The History of Atheism, Secularism, and Free-Thought in Europe: Top Ten Books to Read
The history of atheism and agnosticism are not very well-tread topics, even in the 21st century. To study such things, even in the past 30-40 years, has been seen as reckless and even dangerous, especially for those academics looking for tenured positions. This, however, leaves a lacuna of historic information for those who have the wherewithal to subvert traditional academic restraints. The data on atheism/agnosticism/irreligion is plentiful, but various governmental/religious authorities were unrelenting in their attempts to erase such concepts from the historical record during the time, so secondary sources are difficult to come by.
The list below is just the beginning of the history of irreligion in Europe, mostly because much of this history remains to be written. It is only recently that academia, in general, has become tolerant towards non-religious or anti-religious beliefs, so the field of atheism/agnosticism in Europe remains wide open to the scholar(s) who would explore it.
1. A Secular Age by Charles Taylor – This book is dense, but extremely worthwhile. The information contained within is unparalleled, but, as a warning, it does contains phrases that would make even the most senior academic roll their eyes. Despite Taylor’s somewhat arrogant prose and verbosity, this work is a must-read for anyone interested in the rise of secularism in the Western world.
2. The Secularization of the European Mind by Owen Chadwick – This book is considered “academic” in that Chadwick’s style can be somewhat convoluted and erudite. Chadwick bases most of his conclusions off of the moral philosophy of the Enlightenment, which comes with its own set of problems. For many, a turn away from religion was not based on new philosophy, but rather on a disdain for State-sponsored activities.
3. Formations of the Secular by Talal Asad – Asad begins is work by asking what an anthropology of the secular might look like. Ultimately, Asad concludes that the secular is not necessarily a byproduct of the decline of religion, and nor is it a product of more scientific and rational thinking of the modern age.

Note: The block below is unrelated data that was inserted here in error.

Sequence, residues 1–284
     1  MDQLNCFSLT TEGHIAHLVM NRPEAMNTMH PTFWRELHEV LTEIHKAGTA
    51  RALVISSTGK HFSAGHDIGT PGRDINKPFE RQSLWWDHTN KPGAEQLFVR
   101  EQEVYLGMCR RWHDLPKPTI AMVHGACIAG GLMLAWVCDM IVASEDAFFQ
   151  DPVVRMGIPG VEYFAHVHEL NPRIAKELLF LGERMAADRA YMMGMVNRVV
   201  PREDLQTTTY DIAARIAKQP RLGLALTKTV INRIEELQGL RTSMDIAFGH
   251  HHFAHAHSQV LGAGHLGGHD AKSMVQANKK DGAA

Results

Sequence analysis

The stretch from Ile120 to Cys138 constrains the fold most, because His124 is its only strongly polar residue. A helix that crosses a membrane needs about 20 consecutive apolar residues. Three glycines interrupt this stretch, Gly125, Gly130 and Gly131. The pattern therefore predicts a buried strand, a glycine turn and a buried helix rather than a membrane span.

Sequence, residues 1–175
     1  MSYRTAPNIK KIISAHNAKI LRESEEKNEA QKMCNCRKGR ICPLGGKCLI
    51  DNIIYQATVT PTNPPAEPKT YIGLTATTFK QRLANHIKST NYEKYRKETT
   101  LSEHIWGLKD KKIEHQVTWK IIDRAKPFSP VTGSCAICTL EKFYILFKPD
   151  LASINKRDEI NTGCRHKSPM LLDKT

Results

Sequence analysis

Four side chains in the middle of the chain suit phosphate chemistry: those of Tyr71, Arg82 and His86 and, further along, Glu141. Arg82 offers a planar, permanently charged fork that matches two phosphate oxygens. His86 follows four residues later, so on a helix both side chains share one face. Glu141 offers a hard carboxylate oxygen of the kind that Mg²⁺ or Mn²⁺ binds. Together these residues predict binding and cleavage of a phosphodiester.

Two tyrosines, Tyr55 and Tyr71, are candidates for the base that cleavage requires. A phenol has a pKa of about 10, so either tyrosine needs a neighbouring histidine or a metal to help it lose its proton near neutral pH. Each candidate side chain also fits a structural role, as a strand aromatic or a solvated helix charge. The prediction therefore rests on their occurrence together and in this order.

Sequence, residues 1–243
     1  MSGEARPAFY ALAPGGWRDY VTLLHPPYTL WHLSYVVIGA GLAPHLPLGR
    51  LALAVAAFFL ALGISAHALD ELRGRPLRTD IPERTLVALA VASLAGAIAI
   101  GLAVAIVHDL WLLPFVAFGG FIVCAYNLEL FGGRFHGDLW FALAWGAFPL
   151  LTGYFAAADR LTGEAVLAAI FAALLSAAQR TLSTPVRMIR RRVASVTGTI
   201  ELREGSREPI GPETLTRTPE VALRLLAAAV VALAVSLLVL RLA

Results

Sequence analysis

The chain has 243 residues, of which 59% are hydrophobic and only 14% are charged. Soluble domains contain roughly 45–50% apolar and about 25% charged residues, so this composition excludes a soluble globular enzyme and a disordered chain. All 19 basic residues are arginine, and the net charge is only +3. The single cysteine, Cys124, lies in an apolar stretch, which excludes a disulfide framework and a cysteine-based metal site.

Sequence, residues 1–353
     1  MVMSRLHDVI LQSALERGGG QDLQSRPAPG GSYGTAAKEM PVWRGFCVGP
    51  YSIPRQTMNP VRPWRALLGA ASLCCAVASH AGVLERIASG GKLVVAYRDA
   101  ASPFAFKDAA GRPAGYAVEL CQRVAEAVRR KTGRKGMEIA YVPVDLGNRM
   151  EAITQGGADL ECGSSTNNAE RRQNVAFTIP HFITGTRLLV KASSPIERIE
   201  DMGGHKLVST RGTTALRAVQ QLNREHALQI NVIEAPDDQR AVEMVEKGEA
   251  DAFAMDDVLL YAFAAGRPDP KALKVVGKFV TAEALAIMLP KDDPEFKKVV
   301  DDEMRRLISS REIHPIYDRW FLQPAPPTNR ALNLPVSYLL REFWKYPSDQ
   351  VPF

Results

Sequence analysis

4. The Cambridge Companion to Atheism by Michael Martin – This work is a collection of eighteen essays by the world’s leading scholars on atheism and irreligion. It deals with atheistic beliefs from antiquity to the modern age. The essays contained within present varying perspectives of irreligious beliefs – from philosophical to societal.
5. Religion and the Decline of Magic by Keith Thomas – This book primarily deals with the epic battle between religion and magic from the medieval period until around the seventeenth century, and it does so in an endlessly fascinating way. When did magic, miracles, and superstition become concepts that could be differentiated between, and why did some become sinful and others acceptable? When did fortunetellers and “cunning men” become witches and demons?
6. Divided by Faith: Religious Conflict and the Practice of Toleration in Early-Modern Europe by Benjamin Kaplan – This work asks a very basic question: After the Protestant Reformation of ~1517 brought into question most of Europe’s (Catholic) religious beliefs, how did people of different/evolving faiths coexist? The answer is: not well. Kaplan's work is, at once, fascinating and all-encompassing.
7. 'Victorian Infidels by Edward Royle -- Royle’s work examines the beginning of secularism, outside the context of class and political boundaries. Before Royle, most British historians considered atheism/agnosticism to be products of working-class distrust of the State. This work changed all that, and it is perhaps one of the most important books on the beginnings of secularism ever published.
8. At the Origins of Modern Atheism by Michael Buckley – In this book, Buckley argues that atheism arose due to the religious establishment’s efforts to discredit disbelief. While Enlightenment philosophers argued against God’s existence from the standpoint of rationalism, Buckley offers that the attempts by religious/anti-religious philosophers to counteract this philosophy ultimately led to disbelief among broader society.
9. A History of Atheism in Britain by David Berman – In this work, Berman agues that numerous religious forces sought to keep the very idea of atheism repressed and out of the minds of the public in Britain during the nineteenth century. Berman holds that because of the Church’s sway on society, the very concept of the denial of God would have been inconceivable prior to the Enlightenment, and the various philosophical texts that arose from it. Agree or disagree, he presents a good case.
10. The Selfish Gene by Richard Dawkins – While this book does not particularly deal with atheism or history, it is, perhaps, one of the most important treatises in evolutionary biology ever published, and is thus, a part of history itself. In 2017, Dawkins' book was voted as the "most inspiring science book of all time" by Britain's Royal Society of Science.
- The Royal Society (Ed.). (2017, July 19). The Selfish Gene tops Royal Society poll to reveal the nation's most inspiring science books. Retrieved October 28, 2017, from https://royalsociety.org/news/2017/07/science-book-prize-poll-results/